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Braxston Cave stays close to home

Jack Hefferon | Thursday, November 17, 2011

Despite its location in northwestern Indiana, one of Notre Dame’s strengths has always been its ability to bring in elite players from across the country, players that hail from Hawaii or Florida, and everywhere in between.

But sometimes, they’re already here.

Senior center Braxston Cave was born and raised in Granger, Ind., about 10 miles away from Notre Dame Stadium. Cave was immediately immersed in all things Notre Dame, as several of his relatives attended the University, and his parents were diehard fans. Cave is even named after Braxton Banks, a running back who played for the Irish in the late 1980s.

“It’s true [that I was named after Banks],” Cave said. “I was 10 pounds, 4 ounces when I was born though, so I think my parents always knew I was probably going to be a lineman, not a running back.”

Cave only continued to grow from there and used that size, along with his athleticism and football IQ, to become a star at local Penn High School. After leading Penn to an undefeated regular season and being named the No. 4 center prospect in the country, scholarship offers rolled in. And while Cave and his family did consider every option, one call from former Irish coach Charlie Weis effectively ended the process.

“I looked at other schools,” Cave said. “But once I got my Notre Dame offer, this was my first choice.”

Cave arrived on campus and quickly went about making the transition to college life. He quickly cracked the lineup, and served as a short snapper on special teams in the first game of his career against San Diego State. However, that breakthrough was tempered by an injury which ended his season, but granted him both a medical redshirt and an additional year to learn how to excel in college.

“It was tough,” Cave said. “You always want to be out there playing and competing, but it gave me another year to learn the offense and to get comfortable with everything. It’s different getting ready for major college football compared to high school, but after a year of doing it, you learn the ins and outs of everything.”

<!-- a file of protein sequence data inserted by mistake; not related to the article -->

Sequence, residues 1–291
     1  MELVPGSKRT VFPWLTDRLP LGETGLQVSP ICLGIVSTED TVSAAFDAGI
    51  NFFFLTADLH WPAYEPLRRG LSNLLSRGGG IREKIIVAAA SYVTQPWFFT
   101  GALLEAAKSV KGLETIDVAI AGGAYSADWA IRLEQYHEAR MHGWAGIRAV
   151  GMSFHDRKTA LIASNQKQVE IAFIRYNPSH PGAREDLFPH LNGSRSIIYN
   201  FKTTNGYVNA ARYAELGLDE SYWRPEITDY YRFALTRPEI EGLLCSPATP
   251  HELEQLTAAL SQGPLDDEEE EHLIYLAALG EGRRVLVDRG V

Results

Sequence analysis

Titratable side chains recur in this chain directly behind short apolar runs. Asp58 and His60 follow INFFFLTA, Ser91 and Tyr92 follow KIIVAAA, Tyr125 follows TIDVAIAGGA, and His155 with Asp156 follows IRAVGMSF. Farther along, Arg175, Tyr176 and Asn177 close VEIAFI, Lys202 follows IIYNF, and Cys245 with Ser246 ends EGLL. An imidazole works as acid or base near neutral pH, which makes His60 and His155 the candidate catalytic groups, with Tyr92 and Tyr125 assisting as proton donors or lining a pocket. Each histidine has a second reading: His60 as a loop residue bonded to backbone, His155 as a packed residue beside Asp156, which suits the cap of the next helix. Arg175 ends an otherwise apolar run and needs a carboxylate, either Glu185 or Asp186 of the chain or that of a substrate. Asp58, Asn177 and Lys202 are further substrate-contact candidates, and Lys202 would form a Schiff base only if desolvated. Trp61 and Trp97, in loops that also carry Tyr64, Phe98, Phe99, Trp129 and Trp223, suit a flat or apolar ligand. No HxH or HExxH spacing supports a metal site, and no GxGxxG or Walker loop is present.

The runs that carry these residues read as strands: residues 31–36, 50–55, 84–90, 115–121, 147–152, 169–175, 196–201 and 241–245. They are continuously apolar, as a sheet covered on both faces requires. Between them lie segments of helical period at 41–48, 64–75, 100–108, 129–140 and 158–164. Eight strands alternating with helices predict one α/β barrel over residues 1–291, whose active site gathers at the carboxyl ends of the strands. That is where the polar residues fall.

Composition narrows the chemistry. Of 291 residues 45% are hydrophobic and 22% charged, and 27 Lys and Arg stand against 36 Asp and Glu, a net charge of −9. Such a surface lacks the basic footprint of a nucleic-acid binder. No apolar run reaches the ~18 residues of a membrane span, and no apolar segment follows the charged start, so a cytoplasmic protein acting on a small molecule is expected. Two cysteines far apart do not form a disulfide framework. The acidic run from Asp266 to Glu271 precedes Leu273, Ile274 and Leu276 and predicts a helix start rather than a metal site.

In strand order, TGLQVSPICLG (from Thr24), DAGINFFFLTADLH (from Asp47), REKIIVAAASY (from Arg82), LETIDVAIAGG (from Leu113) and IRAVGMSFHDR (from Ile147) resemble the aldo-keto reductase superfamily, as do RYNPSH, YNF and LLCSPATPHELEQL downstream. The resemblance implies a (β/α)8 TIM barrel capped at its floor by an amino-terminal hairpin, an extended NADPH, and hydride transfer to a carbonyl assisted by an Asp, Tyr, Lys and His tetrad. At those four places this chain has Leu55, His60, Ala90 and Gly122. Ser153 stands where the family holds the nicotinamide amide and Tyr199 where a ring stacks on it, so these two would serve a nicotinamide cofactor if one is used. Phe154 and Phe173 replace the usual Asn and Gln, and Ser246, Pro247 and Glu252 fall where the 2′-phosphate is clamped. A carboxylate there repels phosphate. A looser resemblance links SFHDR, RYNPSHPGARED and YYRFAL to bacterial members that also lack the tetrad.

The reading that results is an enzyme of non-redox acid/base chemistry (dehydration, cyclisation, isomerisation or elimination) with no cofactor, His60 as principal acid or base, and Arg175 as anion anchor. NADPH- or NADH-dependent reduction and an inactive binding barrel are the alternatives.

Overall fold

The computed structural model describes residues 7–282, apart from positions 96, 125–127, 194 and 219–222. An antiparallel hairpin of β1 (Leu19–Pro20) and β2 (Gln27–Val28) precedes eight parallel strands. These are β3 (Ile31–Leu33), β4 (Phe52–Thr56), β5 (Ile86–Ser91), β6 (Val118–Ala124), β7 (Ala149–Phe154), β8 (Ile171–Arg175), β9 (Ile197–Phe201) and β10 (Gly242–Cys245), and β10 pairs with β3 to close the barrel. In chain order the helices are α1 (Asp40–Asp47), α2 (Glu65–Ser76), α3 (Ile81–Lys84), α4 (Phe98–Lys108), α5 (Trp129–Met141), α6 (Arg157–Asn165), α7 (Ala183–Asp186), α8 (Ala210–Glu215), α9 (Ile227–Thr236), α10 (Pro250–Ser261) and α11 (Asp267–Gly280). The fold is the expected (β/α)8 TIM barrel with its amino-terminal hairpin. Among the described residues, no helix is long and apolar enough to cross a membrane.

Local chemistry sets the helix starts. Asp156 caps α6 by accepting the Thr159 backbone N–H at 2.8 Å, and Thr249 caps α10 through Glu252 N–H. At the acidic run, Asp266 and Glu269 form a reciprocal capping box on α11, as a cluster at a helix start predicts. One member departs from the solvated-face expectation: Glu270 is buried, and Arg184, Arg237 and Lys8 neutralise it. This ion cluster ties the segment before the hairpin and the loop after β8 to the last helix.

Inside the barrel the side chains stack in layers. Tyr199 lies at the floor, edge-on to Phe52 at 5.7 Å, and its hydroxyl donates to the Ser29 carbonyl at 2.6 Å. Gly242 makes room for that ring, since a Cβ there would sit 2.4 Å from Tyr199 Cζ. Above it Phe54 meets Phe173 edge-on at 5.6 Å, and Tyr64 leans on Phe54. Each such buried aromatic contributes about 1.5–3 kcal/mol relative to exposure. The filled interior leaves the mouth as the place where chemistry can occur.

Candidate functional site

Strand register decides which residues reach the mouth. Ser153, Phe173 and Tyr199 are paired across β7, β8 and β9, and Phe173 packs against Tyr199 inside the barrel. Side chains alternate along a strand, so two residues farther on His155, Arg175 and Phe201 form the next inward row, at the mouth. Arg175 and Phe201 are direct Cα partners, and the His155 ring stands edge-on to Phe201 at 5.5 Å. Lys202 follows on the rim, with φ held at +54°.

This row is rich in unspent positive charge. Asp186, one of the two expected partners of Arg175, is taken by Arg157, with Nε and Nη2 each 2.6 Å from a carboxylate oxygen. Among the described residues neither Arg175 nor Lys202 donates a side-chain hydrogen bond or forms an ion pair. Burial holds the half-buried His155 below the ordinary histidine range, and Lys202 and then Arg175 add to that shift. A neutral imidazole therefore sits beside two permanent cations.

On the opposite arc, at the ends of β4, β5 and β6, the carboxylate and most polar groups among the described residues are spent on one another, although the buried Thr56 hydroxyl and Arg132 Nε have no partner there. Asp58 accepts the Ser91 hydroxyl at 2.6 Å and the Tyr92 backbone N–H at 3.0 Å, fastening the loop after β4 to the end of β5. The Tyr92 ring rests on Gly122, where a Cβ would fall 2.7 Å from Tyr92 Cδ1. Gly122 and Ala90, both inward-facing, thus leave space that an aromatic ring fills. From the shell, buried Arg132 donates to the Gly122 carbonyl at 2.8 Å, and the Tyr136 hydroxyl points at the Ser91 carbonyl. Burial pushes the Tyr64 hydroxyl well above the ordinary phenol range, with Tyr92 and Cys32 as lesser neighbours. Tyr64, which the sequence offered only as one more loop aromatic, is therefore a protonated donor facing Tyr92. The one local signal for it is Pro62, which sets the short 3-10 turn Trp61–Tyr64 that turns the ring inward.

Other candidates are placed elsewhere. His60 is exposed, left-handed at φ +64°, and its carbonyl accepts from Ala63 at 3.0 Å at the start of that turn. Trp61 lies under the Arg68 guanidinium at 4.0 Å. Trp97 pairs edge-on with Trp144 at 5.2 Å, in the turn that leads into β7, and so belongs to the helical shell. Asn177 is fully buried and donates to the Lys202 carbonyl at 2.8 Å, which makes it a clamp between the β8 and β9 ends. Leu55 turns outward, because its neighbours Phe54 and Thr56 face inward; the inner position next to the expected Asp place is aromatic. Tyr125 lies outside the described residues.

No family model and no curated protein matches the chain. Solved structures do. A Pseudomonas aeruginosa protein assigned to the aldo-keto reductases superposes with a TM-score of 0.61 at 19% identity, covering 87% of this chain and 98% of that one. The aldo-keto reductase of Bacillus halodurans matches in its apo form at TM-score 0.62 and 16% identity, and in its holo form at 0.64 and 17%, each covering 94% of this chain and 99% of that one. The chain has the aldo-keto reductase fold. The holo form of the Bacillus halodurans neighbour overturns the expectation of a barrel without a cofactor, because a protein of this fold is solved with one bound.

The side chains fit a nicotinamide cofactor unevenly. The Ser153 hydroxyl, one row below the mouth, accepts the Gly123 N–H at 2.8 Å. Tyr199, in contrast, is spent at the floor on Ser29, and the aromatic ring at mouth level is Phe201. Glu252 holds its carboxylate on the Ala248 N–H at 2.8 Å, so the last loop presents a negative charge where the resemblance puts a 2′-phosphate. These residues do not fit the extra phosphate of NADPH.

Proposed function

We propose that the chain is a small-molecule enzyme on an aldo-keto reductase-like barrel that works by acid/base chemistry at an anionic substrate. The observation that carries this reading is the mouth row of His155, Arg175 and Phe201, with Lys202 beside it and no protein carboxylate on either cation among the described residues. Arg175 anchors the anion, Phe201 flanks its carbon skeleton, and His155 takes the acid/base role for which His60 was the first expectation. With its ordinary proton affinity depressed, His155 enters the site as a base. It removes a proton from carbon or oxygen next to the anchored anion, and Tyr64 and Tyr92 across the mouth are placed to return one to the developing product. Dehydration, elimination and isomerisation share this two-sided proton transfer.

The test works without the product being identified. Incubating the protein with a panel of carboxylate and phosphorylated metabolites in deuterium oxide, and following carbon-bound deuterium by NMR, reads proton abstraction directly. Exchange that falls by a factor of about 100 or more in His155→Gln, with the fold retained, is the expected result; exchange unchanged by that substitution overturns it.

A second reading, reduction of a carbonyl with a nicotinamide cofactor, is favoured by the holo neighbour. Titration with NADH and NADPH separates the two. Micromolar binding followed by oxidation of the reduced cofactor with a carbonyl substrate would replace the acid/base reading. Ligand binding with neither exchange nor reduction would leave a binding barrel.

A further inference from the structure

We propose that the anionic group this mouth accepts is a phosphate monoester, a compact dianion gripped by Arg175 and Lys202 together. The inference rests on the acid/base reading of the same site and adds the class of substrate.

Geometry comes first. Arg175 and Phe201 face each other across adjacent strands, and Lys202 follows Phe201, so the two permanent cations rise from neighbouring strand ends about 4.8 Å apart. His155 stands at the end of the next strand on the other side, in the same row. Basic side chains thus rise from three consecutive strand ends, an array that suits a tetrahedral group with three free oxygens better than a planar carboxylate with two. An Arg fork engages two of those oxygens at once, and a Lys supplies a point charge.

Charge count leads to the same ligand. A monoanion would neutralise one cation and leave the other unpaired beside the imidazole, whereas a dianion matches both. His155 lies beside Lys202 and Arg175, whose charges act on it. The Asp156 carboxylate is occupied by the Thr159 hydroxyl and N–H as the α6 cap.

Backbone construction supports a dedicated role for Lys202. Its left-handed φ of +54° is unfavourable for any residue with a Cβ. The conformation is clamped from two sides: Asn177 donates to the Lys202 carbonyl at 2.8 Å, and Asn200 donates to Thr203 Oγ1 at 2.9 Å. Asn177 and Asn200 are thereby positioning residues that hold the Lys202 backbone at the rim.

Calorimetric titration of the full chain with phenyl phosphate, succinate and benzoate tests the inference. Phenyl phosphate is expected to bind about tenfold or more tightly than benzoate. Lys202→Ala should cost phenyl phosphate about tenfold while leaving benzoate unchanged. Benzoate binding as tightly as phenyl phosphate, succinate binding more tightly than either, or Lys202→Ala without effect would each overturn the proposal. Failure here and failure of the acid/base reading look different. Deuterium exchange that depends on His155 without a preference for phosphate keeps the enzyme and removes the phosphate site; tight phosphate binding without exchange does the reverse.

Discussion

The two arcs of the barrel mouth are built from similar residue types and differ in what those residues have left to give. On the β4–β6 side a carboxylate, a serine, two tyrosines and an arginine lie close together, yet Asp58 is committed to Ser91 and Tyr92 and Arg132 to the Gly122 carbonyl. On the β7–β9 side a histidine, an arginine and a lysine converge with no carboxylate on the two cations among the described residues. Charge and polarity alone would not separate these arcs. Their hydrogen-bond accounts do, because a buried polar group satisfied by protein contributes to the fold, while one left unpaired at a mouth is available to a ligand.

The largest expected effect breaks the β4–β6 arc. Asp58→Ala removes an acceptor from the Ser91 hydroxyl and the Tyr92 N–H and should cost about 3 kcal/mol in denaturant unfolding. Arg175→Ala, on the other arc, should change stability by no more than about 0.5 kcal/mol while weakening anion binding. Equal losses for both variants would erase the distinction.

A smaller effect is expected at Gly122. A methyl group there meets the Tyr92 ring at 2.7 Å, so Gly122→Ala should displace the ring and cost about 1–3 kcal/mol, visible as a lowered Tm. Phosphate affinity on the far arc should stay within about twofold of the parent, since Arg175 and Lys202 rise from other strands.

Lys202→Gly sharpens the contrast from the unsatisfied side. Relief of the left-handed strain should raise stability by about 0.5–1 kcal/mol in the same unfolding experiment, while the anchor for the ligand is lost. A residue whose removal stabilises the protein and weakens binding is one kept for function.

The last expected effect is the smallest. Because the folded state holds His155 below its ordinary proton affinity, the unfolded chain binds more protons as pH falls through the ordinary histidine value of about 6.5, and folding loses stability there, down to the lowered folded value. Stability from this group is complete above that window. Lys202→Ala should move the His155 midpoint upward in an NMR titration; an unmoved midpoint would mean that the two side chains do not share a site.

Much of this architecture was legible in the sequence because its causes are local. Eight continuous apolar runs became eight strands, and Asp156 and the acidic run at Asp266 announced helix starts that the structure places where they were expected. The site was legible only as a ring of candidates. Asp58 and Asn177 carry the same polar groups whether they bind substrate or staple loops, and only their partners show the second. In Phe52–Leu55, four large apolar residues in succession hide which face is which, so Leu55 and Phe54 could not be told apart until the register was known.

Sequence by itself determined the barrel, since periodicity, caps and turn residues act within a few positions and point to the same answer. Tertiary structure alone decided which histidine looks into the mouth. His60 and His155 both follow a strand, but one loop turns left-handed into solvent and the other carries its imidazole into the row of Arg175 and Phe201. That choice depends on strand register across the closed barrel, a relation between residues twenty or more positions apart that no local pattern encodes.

That initial setback was understandably tough for Cave, as it would be for any freshman stripped of an experience they had barely had time to enjoy. But while he worked hard on his own to rehab and get back to playing, he also had help from both his family at home and his family in the locker room.

“Having my family here was very helpful,” Cave said. “Just being able to go right down the street to get a home-cooked meal, or have them bring food over for me and my roommates, always seeing them made things a lot easier.

“Another guy who I could go to was [then-senior center] Eric Olson,” Cave said. “He’s one of my best friends; I still talk to him almost every week now. He was one of the leaders on the team then. I always looked to him for advice, and he always helped me through everything.”

Cave bounced back in his sophomore year and played in 12 games, almost exclusively on special teams. But while that in itself was a bit of redemption for the center, he was not entirely satisfied.

“It was tough because you want to be out there playing, but as a younger guy, special teams is usually your easiest way to get on the field,” Cave said. “So I took advantage of being able to get out there on the field through special teams and made the most of it.”

Cave did indeed make the most of his opportunity, and his hard work allowed him to take hold of the starting center position in his junior year. Forced to deal with both the new responsibilities of being a starter and learning Irish coach Brian Kelly’s new, shotgun-oriented offensive schemes, Cave faced a difficult transition. However, the feeling of controlling every offensive play was enough to get him through it.